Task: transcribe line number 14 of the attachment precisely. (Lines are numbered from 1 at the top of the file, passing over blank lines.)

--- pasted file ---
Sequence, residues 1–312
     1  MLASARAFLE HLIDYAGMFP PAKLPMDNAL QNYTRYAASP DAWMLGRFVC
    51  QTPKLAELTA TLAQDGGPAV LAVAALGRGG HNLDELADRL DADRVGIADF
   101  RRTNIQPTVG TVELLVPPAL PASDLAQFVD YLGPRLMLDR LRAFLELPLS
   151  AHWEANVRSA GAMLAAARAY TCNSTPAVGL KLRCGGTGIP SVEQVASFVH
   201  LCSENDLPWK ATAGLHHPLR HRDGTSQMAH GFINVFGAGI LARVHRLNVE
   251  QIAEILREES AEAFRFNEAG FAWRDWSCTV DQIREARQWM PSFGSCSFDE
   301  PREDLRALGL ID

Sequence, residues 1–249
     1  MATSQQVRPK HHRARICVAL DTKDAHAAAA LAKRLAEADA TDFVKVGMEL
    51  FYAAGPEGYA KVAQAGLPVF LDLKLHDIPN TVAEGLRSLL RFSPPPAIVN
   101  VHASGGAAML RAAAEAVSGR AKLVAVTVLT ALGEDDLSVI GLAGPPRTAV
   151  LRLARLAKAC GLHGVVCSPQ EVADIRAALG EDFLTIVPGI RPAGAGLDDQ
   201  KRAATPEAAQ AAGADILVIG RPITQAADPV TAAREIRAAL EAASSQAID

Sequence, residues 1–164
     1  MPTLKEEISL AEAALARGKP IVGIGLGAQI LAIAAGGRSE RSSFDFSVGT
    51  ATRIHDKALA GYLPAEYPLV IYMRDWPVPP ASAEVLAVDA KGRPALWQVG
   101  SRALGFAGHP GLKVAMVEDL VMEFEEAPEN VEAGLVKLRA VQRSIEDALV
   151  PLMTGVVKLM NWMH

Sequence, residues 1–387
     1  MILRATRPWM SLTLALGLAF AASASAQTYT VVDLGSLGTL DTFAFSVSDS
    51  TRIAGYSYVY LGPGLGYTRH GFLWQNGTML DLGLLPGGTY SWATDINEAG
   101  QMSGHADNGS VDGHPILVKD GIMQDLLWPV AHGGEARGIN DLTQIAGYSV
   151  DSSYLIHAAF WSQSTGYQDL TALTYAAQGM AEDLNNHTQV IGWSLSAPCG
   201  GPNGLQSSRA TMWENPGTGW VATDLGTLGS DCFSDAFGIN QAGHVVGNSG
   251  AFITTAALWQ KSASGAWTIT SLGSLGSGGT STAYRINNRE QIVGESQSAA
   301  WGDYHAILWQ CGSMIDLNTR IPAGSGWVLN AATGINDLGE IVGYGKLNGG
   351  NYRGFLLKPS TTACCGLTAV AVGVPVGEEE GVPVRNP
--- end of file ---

   201  KRAATPEAAQ AAGADILVIG RPITQAADPV TAAREIRAAL EAASSQAID